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Spokane, Washington  Est. May 19, 1883
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Spin Control

Agency proposes rules for largest polluters

Dozens of Washington’s largest sources of carbon pollution, including Avista and the Spokane Waste-to-Energy Facility, would have to start cutting emissions as early as 2017, under the latest rules being proposed by a state agency.

Those who can’t meet a goal of cutting their pollution by 5 percent every three years might be able to buy “credits” from companies in the state that do better than required or operations in other states or Canadian provinces that have similar pollution reduction systems, or pay for other programs in the state that cut carbon pollution.

The proposed rules are part of a developing plan by the Department of Ecology, which explained Wednesday it was pushing ahead with a strategy to cut carbon pollution as ordered by Gov. Jay Inslee.

Under the rules, which are still subject to revision from public comment and hearings in the coming months, 23 manufacturers or other entitities that emitted an annual average 100,000 metric tons or more of carbon dioxide between 2012 and 2014 would have to reduce that by 5 percent by next year. That list, compiled by the department, is primarily power plants, natural gas distributors, refineries and waste disposal operations. It  includes Avista’s statewide natural gas distribution system, and the trash incineration facility on the West Plains.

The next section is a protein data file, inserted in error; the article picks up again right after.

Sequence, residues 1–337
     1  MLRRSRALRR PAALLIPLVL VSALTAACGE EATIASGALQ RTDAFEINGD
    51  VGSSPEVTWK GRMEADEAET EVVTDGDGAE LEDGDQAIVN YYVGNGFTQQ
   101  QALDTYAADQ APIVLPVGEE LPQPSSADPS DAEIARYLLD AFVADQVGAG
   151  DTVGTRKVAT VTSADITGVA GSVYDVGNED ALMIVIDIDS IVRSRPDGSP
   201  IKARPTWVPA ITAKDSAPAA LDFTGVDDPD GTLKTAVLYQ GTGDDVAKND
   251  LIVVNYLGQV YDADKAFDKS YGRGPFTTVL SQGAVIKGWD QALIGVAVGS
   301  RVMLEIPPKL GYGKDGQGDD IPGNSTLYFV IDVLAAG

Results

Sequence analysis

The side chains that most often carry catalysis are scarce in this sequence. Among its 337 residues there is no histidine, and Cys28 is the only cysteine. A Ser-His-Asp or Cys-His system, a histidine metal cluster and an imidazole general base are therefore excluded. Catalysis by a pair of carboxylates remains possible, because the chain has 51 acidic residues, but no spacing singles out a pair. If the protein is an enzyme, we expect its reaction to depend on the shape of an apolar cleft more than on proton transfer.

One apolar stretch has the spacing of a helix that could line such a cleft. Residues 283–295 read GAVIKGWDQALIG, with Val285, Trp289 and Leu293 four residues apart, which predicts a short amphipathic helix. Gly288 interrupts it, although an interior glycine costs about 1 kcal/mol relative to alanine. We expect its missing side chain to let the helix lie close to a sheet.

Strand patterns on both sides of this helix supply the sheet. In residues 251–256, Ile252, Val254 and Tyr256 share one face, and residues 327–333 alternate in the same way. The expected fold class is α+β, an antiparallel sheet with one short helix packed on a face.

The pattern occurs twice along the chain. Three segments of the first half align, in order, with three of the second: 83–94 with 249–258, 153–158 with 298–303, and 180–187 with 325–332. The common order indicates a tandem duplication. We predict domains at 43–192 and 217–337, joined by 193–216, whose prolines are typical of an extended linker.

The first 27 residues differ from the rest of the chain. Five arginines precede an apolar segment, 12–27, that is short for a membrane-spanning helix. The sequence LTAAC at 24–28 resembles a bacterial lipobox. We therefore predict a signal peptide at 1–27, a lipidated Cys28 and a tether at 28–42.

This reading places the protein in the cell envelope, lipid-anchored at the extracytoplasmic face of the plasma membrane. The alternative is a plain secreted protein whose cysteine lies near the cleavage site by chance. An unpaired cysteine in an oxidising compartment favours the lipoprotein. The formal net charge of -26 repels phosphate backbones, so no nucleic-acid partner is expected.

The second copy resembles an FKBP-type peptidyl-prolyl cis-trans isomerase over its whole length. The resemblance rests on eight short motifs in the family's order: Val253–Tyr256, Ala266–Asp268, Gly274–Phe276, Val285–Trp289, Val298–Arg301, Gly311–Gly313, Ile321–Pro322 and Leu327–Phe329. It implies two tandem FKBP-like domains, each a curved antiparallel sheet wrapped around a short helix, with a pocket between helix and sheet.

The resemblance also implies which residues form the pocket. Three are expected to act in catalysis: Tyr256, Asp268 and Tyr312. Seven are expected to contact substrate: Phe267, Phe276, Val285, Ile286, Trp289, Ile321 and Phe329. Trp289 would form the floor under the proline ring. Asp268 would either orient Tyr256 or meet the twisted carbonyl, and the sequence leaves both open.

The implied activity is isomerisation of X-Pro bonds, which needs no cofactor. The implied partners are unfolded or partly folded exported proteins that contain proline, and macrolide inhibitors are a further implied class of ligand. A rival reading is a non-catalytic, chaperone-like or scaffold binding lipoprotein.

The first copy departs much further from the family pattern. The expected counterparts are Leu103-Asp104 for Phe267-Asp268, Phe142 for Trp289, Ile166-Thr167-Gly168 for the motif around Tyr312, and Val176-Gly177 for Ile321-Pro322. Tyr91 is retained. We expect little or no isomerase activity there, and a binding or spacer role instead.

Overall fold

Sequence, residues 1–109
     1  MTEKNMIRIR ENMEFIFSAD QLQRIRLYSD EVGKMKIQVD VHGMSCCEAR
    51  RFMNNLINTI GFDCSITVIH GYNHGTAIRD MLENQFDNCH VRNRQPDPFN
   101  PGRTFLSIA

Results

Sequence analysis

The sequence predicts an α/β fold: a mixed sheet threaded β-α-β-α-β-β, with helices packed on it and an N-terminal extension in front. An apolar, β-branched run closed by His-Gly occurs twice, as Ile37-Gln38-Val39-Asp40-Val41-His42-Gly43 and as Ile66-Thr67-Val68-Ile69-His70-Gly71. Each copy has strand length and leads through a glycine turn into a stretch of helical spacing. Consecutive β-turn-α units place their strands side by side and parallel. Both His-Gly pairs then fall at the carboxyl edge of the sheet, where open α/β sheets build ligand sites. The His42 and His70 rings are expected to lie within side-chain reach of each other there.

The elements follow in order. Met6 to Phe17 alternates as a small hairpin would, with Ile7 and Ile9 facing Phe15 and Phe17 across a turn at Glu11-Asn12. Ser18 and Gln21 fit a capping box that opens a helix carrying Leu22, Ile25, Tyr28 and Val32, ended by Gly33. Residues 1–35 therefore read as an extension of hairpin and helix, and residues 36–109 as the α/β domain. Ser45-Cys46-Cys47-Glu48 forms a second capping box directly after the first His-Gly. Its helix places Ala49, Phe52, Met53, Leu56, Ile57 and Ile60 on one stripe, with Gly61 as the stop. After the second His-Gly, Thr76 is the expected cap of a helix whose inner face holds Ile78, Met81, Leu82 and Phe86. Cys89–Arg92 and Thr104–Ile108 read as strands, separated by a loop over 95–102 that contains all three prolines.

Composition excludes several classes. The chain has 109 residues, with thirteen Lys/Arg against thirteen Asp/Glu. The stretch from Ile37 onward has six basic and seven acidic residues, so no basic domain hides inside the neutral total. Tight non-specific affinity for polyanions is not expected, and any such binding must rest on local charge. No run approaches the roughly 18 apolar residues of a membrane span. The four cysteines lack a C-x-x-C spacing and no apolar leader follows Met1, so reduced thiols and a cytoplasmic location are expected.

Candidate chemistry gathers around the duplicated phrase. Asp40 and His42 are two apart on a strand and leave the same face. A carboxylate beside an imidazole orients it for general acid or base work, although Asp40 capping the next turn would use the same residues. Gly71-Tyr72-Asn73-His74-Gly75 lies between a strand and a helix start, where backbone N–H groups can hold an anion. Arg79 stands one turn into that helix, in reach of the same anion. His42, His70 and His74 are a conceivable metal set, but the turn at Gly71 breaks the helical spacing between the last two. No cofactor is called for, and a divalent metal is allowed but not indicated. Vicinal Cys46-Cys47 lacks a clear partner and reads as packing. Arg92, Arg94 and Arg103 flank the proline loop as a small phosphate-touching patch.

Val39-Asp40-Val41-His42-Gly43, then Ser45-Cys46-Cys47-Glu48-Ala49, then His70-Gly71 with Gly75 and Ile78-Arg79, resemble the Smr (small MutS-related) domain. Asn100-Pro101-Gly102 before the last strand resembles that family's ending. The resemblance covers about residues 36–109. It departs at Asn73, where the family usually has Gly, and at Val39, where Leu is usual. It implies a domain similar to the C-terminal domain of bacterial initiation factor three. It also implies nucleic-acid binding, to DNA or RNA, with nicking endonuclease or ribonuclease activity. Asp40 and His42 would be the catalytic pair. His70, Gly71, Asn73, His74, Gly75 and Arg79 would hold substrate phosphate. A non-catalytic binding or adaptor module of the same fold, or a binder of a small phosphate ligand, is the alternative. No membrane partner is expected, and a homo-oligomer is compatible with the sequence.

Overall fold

Other industrial facilities, including the Kaiser Trentwood rolling mill, would not be covered by new emissions standards until 2020.

Companies that have greater reductions than the new rules require could sell the excess to companies unable to meet required reductions.  Companies that don’t meet the new pollutions standards and don’t purchase credits or develop separate carbon reduction programs could face fines. The department is proposing fines as large as $10,000 per day per violation.

Inslee has long advocated the state take a tougher stance on carbon pollution but  his proposals have failed to pass the Legislature. The department is trying to develop rules under existing Clean Air statutes, and has scheduled two hearings in March, including one at the Double Tree Hotel in Spokane at 6 p.m. on March 23. It is also taking public comments through April 8.



Jim Camden
Jim Camden joined The Spokesman-Review in 1981 and retired in 2021. He is currently the political and state government correspondent covering Washington state.

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